Quantcast
Environmental News for a Healthier Planet and Life

Report Exposes European Lobby Groups Who Ensure Expansion of Shale Gas

Energy
Report Exposes European Lobby Groups Who Ensure Expansion of Shale Gas

The shuffling of lobby dollars that keeps fossil fuel-friendly policies on the books for the benefit of huge corporations and their legislative pals isn't specific to the U.S.

A new report from Friends of the Earth Europe aims to expose Shell, Total and ExxonMobil, along with groups like BusinessEurope and OGP, to reveal what it calls a "thick web of lobbying activity." The report says public relations and law firms, paid-for scientific reports, and even members of Parliament have all been used to advance fracking for shale gas around the continent.

"The legislative process has been taken hostage by private interests," Antoine Simon, a shale gas campaigner for Friends of the Earth Europe, said in a statement. "They have created a climate of industry-funded misinformation that sells shale gas as a responsible resource—this could not be further from reality. The European Commission needs to put the interest of people and planet before the profits of big oil companies, by re-opening the debate on shale gas regulation.” 

This graphic explains how money flows in Europe to keep fossil fuel-friendly laws on the books. Graphic credit: Friends of the Earth Europe

The report hopes to reignite the discussion of stronger shale gas industry regulation within the European Commission and increased lobbying transparency. At the very least, FOE Europe hopes for a moratorium on fracking, similar to those passed in the U.S. by the New York Assembly and in cities like Los Angeles.

In the meantime, the organization seeks to explain who is making contributions to keep a practice with proven health risks alive. Here is a visualization of the tangled web of gas companies and lobbyists in Europe. Each line shows membership, affiliation or financial contributions from energy companies to lobby groups in Brussels who represent their interests. Europia, European Union of the Natural Gas Industry and European Federation of Energy Traders are among the names included.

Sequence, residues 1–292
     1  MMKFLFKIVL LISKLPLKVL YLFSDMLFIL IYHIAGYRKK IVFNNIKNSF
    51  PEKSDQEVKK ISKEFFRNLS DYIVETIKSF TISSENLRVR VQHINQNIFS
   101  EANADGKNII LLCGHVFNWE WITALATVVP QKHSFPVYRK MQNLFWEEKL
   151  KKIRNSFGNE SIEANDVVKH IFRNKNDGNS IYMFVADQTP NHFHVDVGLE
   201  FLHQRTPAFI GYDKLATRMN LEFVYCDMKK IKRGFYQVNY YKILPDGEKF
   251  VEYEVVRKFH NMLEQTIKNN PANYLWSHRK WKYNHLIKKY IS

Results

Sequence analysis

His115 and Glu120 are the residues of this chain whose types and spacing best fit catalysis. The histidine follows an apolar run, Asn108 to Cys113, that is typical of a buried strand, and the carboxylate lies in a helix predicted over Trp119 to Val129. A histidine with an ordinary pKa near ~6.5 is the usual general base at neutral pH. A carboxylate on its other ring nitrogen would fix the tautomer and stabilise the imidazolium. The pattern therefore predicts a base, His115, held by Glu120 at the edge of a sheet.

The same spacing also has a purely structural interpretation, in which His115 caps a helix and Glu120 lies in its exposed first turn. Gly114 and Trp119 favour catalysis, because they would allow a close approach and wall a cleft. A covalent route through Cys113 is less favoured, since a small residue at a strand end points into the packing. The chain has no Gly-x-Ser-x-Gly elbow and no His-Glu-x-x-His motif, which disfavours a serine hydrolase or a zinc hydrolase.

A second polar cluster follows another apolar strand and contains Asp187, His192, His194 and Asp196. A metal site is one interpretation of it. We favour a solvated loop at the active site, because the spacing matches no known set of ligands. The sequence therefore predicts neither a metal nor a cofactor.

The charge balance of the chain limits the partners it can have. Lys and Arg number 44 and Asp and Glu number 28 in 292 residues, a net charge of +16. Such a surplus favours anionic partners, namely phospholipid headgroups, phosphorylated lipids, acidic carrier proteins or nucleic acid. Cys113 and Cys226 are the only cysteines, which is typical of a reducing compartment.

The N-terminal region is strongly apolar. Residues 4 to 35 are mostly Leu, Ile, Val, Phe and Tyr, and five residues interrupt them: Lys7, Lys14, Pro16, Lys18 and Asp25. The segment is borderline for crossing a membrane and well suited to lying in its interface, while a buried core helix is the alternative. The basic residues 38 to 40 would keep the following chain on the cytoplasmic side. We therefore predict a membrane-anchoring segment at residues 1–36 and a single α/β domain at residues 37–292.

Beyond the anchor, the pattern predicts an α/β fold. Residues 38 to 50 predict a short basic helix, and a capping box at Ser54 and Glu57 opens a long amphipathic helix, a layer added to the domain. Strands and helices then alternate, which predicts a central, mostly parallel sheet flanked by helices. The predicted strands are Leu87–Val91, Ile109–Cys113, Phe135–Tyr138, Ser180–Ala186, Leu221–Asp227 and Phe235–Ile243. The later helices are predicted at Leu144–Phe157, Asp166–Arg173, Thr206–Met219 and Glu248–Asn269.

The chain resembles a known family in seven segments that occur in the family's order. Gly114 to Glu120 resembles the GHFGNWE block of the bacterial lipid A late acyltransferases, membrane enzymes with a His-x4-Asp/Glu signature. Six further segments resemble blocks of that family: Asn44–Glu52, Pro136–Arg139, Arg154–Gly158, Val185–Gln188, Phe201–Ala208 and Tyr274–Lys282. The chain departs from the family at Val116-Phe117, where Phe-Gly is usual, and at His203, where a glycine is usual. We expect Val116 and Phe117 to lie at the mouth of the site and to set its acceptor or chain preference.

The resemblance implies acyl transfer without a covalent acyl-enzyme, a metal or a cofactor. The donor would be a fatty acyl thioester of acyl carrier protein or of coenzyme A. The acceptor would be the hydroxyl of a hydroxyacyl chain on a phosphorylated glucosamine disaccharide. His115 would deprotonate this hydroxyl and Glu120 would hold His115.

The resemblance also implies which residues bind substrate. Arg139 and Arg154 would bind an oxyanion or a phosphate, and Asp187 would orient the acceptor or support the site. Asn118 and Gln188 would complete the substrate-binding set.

Graphic credit: Friends of the Earth Europe

“An underground offensive by the oil industry has managed to silence well-founded concerns about the dangers of fracking," Simon said. "It has side-stepped the growing body of evidence on the environmental, economic and health risks of shale gas development, and undermines Europe-wide opposition from citizens to the unconventional fossil fuel.”

 

Radiation-contaminated water tanks and damaged reactors at the Fukushima Daiichi nuclear power plant on Feb. 25, 2016 in Okuma, Japan. Christopher Furlong / Getty Images

Japan will release radioactive wastewater from the failed Fukushima nuclear plant into the Pacific Ocean, the government announced on Tuesday.

Read More Show Less
EcoWatch Daily Newsletter
Antarctica's Thwaites Glacier, aka the doomsday glacier, is seen here in 2014. NASA / Wikimedia Commons / CC0

Scientists have maneuvered an underwater robot beneath Antarctica's "doomsday glacier" for the first time, and the resulting data is not reassuring.

Read More Show Less
Trending
Journalists film a protest by the environmental organization BUND at the Datteln coal-fired power plant in North Rhine-Westphalia, Germany on April 23, 2020. Bernd Thissen / picture alliance via Getty Images

By Jessica Corbett

Lead partners of a global consortium of news outlets that aims to improve reporting on the climate emergency released a statement on Monday urging journalists everywhere to treat their coverage of the rapidly heating planet with the same same level of urgency and intensity as they have the COVID-19 pandemic.

Read More Show Less
Airborne microplastics are turning up in remote regions of the world, including the remote Altai mountains in Siberia. Kirill Kukhmar / TASS / Getty Images

Scientists consider plastic pollution one of the "most pressing environmental and social issues of the 21st century," but so far, microplastic research has mostly focused on the impact on rivers and oceans.

Read More Show Less
A laborer works at the site of a rare earth metals mine at Nancheng county, Jiangxi province, China on Oct. 7, 2010. Jie Zhao / Corbis via Getty Images

By Michel Penke

More than every second person in the world now has a cellphone, and manufacturers are rolling out bigger, better, slicker models all the time. Many, however, have a bloody history.

Read More Show Less